So, the question presents itself; what exactly does Texas GM Jon Daniels have on his hands in the 2014 model year Fielder? There are a number of factors contributing to this answer. Firstly, while the batters ahead of him do not contribute to his slash line, they certainly do help counting stats such as RBIs. While RBIs are naturally an utterly useless stat when evaluating individual performance, men getting on base allow a hitter to create runs, and as runs are ultimately what win games, putting men on ahead of big bats such as Fielder is part of what goes into good team creation. Therefore, I will examine the clip at which we can expect there to be runners on base when Fielder bats for Texas as opposed to his stint in Detroit.

Secondly, I will also examine the impact Arlington itself will have on Fielder’s bat. Arlington has traditionally been a much more hitter-friendly location than Detroit. But how much exactly will Texas raise Fielder’s numbers?

The top of the 2013 Tigers lineup consisted of Austin Jackson, Torii Hunter, Miguel Cabrera in front of Fielder. Those first three hitters posted OBP’s of .337, .334, and .442, respectively. That averages out to a .371 mark, albeit an imperfect one due to Cabrera’s significantly higher individual mark (also, Cabrera hit a lot of home runs last year, and while that counts towards his OBP, that means the bases were empty when Fielder came to bat). We’ll refer to this average of the top of the order as tOBP, or “Top OBP” for the rest of the article for the sake of saving space.

The top of the 2014 Rangers lineup will be made up of Shin-Soo Choo, and either Elvis Andrus or Jurickson Profar before Fielder, who will bat third. There are a number of different projection systems we can use to forecast the upcoming season, for this article we’ll be using Steamer. Choo is given a .391 OBP, Andrus a .340, and Profar a .321. With Andrus in the lineup the projected tOBP is .365, with Profar it’s .356. So despite throwing his wallet at Choo and his obscene .423 2013 OBP, Jon Daniels in fact is giving Fielder less to work with in front of him.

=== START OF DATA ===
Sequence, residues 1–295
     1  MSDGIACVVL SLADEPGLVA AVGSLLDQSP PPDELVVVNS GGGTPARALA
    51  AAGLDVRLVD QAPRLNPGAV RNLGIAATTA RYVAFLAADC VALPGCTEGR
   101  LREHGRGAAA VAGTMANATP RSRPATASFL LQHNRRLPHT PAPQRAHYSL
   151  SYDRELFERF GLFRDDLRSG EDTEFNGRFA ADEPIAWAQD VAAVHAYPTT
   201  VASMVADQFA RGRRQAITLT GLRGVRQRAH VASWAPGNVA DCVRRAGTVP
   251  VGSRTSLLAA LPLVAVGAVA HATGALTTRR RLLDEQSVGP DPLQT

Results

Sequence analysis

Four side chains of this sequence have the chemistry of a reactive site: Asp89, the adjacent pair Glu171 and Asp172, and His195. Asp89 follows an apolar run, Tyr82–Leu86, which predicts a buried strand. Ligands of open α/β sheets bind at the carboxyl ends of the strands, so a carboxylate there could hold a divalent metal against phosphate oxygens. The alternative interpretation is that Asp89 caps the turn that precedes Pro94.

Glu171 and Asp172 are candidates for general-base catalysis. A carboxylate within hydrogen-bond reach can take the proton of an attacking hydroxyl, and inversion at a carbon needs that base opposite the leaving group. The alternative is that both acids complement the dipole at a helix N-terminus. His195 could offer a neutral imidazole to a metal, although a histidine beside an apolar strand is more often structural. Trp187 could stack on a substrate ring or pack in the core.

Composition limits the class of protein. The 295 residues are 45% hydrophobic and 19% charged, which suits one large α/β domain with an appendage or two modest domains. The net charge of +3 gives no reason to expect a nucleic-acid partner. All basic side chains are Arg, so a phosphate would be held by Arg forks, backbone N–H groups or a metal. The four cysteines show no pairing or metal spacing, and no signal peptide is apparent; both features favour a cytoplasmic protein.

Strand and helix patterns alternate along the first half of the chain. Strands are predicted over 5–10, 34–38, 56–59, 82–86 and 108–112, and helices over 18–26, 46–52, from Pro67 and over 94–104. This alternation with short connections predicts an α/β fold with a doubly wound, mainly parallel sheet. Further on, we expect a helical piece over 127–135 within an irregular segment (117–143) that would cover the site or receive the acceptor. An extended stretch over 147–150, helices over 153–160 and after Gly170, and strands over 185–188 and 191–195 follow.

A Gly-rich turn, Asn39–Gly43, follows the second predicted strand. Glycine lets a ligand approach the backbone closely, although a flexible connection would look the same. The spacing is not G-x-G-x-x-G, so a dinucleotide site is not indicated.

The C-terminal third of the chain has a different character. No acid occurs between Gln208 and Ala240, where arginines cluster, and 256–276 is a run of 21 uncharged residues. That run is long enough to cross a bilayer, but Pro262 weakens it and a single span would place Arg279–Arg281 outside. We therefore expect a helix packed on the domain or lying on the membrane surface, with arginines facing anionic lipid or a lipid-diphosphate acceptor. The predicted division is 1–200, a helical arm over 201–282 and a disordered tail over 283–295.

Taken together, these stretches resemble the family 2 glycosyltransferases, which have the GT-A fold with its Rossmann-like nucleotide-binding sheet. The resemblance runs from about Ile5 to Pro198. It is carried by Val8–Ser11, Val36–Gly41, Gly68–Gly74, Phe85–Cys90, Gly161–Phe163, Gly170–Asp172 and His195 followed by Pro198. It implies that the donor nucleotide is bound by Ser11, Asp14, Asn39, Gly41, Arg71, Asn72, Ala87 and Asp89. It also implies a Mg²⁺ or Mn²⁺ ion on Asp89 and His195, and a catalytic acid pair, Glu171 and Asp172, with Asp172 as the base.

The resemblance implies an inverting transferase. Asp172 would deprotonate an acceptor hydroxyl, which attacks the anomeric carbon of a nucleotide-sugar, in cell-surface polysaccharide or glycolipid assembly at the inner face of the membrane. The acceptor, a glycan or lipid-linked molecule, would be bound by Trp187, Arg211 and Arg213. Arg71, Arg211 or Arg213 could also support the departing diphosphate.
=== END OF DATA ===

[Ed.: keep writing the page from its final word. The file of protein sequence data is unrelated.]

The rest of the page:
Or is he? Part of the smaller (projected) tOBP in Texas is that Fielder simply won’t have the best hitter in the game hitting in front of him anymore. Also, one has to expect Fielder to be better at the plate this year. Steamer awards Fielder a substantial .290/.390/.516 line with a 142 wRC+ and 3.4 WAR, a major uptick over last year’s production. If we factor him into the projected Texas tOBP, with Andrus it’s a .374, and with Profar it’s .367. That’s something you like to see if you’re Adrian Beltre, who lead the league in hits last year and launched 30 homers.

And speaking of homers, Fielder’s move to Arlington will help him in that department. The newly named Globe Life Park ranked seventh last year in home runs with a total of 107 being hit there. Comerica Park, where the Tigers play, ranked fourteenth with 99. This helps Steamer award Fielder 29 home runs, up from 25 last year.

However, can we possibly expect Fielder to exceed these projections? As mentioned earlier, Fielder’s down year was contributed to by a number of off-the-field issues according to Hunter. A change of scenery will definitely do Fielder well, and he also seems to have lost some weight if the pictures and video coming out of Spring Training are to be believed. For that reason I’m willing to bump up Fielder’s numbers by a few slots, and I expect him to be even better than what Steamer predicts. Because baseball is a fickle mistress I could easily be wrong, but call it a gut feeling. All in all, Jon Daniels may have caught lightning in a bottle here with his rather expensive gamble, and if Texas manages to overcome their pitching woes they should be a very dangerous team with Fielder anchoring their lineup.